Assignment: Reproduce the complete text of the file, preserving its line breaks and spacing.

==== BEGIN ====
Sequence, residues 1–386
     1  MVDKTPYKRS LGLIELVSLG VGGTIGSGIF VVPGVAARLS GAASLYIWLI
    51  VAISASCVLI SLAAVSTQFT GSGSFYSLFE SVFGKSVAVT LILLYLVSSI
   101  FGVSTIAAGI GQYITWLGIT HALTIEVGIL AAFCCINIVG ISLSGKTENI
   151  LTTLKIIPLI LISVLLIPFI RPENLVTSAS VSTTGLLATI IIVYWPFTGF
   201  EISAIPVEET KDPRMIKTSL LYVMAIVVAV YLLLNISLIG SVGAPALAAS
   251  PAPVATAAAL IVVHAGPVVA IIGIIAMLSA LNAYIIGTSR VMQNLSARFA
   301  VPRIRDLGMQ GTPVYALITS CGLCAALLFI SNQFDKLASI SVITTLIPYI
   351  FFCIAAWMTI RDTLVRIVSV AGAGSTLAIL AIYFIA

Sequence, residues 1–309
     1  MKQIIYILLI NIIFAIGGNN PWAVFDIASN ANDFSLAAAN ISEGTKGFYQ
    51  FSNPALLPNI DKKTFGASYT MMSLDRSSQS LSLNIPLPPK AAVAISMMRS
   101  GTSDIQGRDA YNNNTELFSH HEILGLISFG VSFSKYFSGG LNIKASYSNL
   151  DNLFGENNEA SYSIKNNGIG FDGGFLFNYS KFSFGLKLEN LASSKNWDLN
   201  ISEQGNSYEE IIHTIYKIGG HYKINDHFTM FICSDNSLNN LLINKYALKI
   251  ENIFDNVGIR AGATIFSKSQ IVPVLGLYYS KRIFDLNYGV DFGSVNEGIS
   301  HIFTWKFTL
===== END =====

Sequence, residues 1–386
     1  MVDKTPYKRS LGLIELVSLG VGGTIGSGIF VVPGVAARLS GAASLYIWLI
    51  VAISASCVLI SLAAVSTQFT GSGSFYSLFE SVFGKSVAVT LILLYLVSSI
   101  FGVSTIAAGI GQYITWLGIT HALTIEVGIL AAFCCINIVG ISLSGKTENI
   151  LTTLKIIPLI LISVLLIPFI RPENLVTSAS VSTTGLLATI IIVYWPFTGF
   201  EISAIPVEET KDPRMIKTSL LYVMAIVVAV YLLLNISLIG SVGAPALAAS
   251  PAPVATAAAL IVVHAGPVVA IIGIIAMLSA LNAYIIGTSR VMQNLSARFA
   301  VPRIRDLGMQ GTPVYALITS CGLCAALLFI SNQFDKLASI SVITTLIPYI
   351  FFCIAAWMTI RDTLVRIVSV AGAGSTLAIL AIYFIA

Sequence, residues 1–309
     1  MKQIIYILLI NIIFAIGGNN PWAVFDIASN ANDFSLAAAN ISEGTKGFYQ
    51  FSNPALLPNI DKKTFGASYT MMSLDRSSQS LSLNIPLPPK AAVAISMMRS
   101  GTSDIQGRDA YNNNTELFSH HEILGLISFG VSFSKYFSGG LNIKASYSNL
   151  DNLFGENNEA SYSIKNNGIG FDGGFLFNYS KFSFGLKLEN LASSKNWDLN
   201  ISEQGNSYEE IIHTIYKIGG HYKINDHFTM FICSDNSLNN LLINKYALKI
   251  ENIFDNVGIR AGATIFSKSQ IVPVLGLYYS KRIFDLNYGV DFGSVNEGIS
   301  HIFTWKFTL